In the absence of bad faith, non-disclosure by the assured entitles the insurer to apply to rescind the contract. In these circumstances, the insurer must return the premium, either wholly or prorated in proportion to the time the insurer was not on risk (Civil Code, Article 1033(2)).

    We note that in both situations the Civil Code says that the insurer has to “apply” to rescind the policy. In practice, this means the insurer should take proactive steps to enforce its rights in the event of breaches of the duty of good faith, either by immediately applying to the court to rescind the policy; or by making a counterclaim when faced by a court claim. If insurers simply rely on breaches of good faith as a defence without any further positive action, the court is unlikely to order the rescission of the policy.
  2. Marine insurance contracts

    There are important differences regarding marine insurance so far as the assured’s disclosure obligations are concerned.

    As with non-marine insurance, under the Maritime Law, the assured is required to disclose information prior to inception and on an ongoing basis if the risk changes (Maritime Law, Articles 385(b) and (c)).

    In the event of non-disclosure, the insurer may require the contract to be rescinded. Unlike the position under non-marine insurance, however, the Maritime Law expressly provides that this is the case even if the information does not relate to any damage suffered. Furthermore, if the assured acted in bad faith, the insurer can “receive” the premium in full; and absent bad faith the insurer can receive half of the premium.
  3. The insurer’s general obligations to act in good faith

    From the insurer’s perspective, it is obliged under a general duty of good faith when dealing with the assured, both under the Civil Code and the IA Directive. The latter requires the insurer to “perform its works on the basis of the absolute good faith...” (IA Directive, Article 3(1)). Furthermore, it is required to inform its staff about this and the other obligations in the IA Directive (IA Directive, Article 1.12).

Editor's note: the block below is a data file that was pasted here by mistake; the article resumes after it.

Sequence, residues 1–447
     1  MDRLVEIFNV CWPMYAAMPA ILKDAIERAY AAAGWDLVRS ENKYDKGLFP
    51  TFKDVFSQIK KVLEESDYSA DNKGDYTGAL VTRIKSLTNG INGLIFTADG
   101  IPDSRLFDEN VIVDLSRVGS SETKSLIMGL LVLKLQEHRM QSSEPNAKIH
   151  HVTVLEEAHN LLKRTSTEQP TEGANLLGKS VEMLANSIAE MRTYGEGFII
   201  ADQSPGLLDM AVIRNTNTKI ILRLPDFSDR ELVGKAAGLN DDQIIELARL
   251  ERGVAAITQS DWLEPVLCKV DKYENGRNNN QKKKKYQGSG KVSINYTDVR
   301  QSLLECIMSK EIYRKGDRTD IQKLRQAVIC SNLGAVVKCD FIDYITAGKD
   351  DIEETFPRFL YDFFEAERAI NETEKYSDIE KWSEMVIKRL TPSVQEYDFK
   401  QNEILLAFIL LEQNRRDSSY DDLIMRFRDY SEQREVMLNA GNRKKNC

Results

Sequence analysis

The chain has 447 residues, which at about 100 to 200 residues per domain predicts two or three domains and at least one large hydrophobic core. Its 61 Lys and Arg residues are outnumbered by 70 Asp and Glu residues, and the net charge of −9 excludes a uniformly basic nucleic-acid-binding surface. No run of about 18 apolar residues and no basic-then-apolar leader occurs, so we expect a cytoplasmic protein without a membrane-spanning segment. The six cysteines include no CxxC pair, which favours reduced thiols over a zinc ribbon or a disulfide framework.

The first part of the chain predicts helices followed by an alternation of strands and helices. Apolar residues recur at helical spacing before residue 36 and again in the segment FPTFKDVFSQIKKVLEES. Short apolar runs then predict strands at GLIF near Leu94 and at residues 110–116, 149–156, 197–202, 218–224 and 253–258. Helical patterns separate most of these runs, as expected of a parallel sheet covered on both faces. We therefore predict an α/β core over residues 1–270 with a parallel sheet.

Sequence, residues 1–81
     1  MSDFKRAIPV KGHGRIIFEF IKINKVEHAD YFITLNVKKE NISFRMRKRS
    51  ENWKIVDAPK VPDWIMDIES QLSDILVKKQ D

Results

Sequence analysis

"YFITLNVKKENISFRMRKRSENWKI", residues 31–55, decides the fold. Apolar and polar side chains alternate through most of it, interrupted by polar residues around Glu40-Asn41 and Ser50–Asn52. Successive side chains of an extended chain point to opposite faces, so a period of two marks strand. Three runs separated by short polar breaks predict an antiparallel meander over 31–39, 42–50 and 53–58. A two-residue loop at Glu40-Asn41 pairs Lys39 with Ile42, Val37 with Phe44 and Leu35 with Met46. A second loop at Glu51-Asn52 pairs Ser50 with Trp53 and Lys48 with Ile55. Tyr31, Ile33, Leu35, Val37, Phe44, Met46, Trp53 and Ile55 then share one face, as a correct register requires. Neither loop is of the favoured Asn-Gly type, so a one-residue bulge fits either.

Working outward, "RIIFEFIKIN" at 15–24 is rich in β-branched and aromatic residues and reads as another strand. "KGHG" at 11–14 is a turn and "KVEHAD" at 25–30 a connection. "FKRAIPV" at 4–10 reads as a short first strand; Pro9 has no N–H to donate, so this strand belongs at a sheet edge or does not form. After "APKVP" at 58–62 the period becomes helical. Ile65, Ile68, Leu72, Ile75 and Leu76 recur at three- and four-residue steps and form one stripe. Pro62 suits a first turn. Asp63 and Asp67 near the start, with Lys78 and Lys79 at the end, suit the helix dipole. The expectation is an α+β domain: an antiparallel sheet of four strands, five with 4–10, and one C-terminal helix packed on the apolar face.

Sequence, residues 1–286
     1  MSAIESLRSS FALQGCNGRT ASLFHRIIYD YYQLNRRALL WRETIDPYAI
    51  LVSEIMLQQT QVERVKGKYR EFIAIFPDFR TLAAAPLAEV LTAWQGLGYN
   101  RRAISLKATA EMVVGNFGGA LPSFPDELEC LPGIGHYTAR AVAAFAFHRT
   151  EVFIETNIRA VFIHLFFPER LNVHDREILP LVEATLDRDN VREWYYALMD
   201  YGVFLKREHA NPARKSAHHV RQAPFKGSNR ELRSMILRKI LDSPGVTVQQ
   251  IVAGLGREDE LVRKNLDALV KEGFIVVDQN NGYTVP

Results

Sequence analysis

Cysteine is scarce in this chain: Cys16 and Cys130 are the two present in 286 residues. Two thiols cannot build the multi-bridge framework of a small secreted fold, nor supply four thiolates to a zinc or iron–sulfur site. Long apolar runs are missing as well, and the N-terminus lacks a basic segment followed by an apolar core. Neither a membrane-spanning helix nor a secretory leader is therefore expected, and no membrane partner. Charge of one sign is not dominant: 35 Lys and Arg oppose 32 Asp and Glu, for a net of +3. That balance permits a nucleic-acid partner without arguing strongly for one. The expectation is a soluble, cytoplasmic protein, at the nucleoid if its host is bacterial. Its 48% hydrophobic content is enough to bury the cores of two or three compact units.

4.  The insurer’s obligation to ask

    The IA Directive must be read in conjunction with the Civil Code.

    As we have seen, under the Civil Code, the assured has to disclose material information at the time of placement.

    However, this may to some extent be tempered by the IA Directive which obliges the insurer to provide an application form both on placement and renewal (IA Directive, Article 6). This application form must include “the questions related to the material facts”.

    In other words, in the event of a material non-disclosure of information which was not specifically requested, the insurer may be unable to say that the insured breached its disclosure obligations on the grounds that had the information been material, the insurer would have specifically asked for it. It remains to be seen how effective a “catch all provision” simply asking for all material information would be. Clearly proposal/application forms should be carefully drafted so as to request all material information.
  5. The insurer’s duty extends to claim handling

    Under the Civil Code and IA Directive, the insurer is also obliged to exercise good faith in paying claims (Civil Code, Articles 246 and 1034, and IA Directive, Article 2).

    It follows that it may theoretically be possible for the assured (i) to claim damages for breach of this duty of good faith when adjusting and settling claims (i.e. this would be similar to the punitive “bad faith” claims one sees in US insurance litigation) and/or (ii) to claim damages for consequential losses flowing from the insurer’s breach. We are not aware of any cases in the UAE which have considered these issues and whether this would in fact happen remains to be seen.

Footnote

  1. Case No. 434 of 2013.

For more information, please contact Sam Wakerley, Partner on +971 4 423 0530, or sam.wakerley@hfw.com, or Luke Hacker, Associate on +971 4 423 0533, or luke.hacker@hfw.com, your usual contact at HFW.